The Holy Spirit is our entry point. We see this in Scripture. It is the Holy Spirit that inspires the men and women who wrote and translated Scripture. It is the Holy Spirit that descends upon Mary at the Annunciation. We say in the Creed, that Christ was incarnate of the Holy Spirit and the Virgin Mary and became man. It is the Holy Spirit that descends upon Christ at Theophany. It is the Holy Spirit that then leads Him into the desert for forty days to prepare for His ministry (Luke 4:1). In the Book of Acts we see the Holy Spirit come upon the Apostles and they speak in tongues (Acts 2:4). It is the Holy Spirit that gives St. Stephen the strength and the wisdom to preach at his martyrdom (Acts 6:5; 7). At the council of Jerusalem in Acts the Apostles declare that “For it has seemed good to the Holy Spirit and to us” (Acts 15:28). We are given the gift of the Holy Spirit at our baptism.
We continue to see this in the liturgy (emphasis mine):
Once again we offer to You this spiritual worship without the shedding of blood, and we ask, pray, and entreat You: send down Your Holy Spirit upon us and upon these gifts here presented.
And make this bread the precious Body of Your Christ. And that which is in this cup the precious Blood of Your Christ. Changing them by Your Holy Spirit.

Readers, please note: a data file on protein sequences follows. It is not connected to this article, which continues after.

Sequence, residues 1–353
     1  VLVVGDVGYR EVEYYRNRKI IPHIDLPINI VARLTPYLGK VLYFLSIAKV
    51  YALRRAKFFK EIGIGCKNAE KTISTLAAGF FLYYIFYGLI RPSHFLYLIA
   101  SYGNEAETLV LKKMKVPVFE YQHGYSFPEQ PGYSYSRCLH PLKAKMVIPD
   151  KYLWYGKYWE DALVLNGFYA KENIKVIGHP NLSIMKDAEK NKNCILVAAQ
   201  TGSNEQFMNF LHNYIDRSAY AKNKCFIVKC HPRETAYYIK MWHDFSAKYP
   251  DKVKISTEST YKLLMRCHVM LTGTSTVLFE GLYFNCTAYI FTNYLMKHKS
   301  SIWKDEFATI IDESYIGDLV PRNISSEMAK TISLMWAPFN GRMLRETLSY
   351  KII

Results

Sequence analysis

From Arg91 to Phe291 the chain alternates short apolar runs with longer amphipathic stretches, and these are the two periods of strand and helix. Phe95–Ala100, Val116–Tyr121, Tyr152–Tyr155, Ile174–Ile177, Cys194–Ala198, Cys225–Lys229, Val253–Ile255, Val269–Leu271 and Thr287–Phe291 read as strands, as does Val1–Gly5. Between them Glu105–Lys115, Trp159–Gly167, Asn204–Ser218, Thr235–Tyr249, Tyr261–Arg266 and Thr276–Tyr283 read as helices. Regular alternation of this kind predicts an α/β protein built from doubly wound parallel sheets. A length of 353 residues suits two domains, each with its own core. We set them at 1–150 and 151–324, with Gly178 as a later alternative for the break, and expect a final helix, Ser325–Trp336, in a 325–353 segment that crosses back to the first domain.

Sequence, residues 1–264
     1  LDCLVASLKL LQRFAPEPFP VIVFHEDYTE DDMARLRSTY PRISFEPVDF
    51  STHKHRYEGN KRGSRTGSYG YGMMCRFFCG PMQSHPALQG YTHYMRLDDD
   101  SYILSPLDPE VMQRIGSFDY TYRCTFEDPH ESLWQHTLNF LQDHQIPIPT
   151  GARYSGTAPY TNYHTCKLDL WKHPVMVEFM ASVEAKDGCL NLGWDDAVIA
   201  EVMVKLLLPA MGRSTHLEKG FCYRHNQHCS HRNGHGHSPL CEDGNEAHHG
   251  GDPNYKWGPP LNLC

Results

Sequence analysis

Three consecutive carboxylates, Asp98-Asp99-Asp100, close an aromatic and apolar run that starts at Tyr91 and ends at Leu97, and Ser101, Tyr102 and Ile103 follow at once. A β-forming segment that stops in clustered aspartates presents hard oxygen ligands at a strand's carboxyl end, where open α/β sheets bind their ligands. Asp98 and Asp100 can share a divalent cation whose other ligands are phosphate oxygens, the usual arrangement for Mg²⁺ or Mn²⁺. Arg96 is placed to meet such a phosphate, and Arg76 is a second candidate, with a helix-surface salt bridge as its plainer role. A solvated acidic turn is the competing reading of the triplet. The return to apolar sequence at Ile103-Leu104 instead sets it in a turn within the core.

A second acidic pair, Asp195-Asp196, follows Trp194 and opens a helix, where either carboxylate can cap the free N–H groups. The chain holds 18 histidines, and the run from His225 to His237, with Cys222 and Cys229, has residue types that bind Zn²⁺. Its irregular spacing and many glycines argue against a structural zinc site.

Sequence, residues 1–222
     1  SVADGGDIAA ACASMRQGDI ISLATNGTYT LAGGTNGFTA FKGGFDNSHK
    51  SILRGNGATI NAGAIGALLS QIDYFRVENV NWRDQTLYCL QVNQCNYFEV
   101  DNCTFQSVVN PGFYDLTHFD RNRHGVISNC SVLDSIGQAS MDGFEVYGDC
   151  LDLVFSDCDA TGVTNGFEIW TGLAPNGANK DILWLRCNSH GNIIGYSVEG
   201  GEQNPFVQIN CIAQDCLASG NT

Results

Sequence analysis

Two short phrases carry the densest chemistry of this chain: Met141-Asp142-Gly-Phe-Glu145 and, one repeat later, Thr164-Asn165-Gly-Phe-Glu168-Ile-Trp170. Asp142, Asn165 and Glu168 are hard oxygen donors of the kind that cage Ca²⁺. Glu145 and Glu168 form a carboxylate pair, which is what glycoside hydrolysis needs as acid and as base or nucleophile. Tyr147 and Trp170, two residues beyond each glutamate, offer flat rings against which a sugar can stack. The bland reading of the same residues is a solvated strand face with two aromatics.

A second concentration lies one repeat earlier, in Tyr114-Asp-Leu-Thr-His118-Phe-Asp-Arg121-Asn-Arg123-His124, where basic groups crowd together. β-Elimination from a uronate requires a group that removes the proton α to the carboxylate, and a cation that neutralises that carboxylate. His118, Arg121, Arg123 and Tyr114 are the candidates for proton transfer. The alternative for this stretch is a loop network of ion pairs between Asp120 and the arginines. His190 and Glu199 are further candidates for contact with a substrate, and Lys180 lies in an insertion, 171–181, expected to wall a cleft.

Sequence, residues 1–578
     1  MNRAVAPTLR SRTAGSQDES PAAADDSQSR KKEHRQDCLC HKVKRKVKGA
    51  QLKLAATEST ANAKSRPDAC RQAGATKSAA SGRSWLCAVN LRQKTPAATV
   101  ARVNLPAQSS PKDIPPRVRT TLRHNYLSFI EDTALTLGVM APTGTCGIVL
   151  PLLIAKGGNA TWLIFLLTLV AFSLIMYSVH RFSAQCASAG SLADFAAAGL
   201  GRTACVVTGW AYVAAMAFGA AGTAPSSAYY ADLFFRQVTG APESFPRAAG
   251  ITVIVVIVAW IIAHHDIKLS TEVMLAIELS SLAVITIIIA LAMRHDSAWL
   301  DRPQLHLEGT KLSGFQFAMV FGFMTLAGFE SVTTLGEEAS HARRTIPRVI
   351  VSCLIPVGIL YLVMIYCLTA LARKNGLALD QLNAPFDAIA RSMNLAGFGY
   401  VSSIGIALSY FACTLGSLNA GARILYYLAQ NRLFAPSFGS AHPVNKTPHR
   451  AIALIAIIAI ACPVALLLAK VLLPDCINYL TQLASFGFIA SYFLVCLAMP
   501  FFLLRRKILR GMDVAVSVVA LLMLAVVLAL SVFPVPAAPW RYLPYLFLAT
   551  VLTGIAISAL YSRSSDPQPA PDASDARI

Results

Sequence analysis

So that they may be to those who partake of them for vigilance of soul, forgiveness of sins, communion of Your Holy Spirit, fulfillment of the kingdom of heaven, confidence before You, and not in judgment or condemnation.
That our loving God who has received them at His holy, heavenly, and spiritual altar as an offering of spiritual fragrance, may in return send upon us divine grace and the gift of the Holy Spirit, let us pray.
Having prayed for the unity of the faith and for the communion of the Holy Spirit, let us commit ourselves, and one another, and our whole life to Christ our God.
Christ, in condescending to be baptized in the Jordan by John, baptizes us in the Holy Spirit. In our own baptism, we have access to the gift of the Holy Spirit. It is through the Holy Spirit that we have access to the Body and Blood of Christ. It is through the Holy Spirit that we have access to the love of God the Father.
This entry point and this access is freely given, but it requires our participation. Communication demands that we take part in the conversation. Sharing in something requires that we take part. In today’s Gospel, Christ tells how to do this with the first words of His ministry: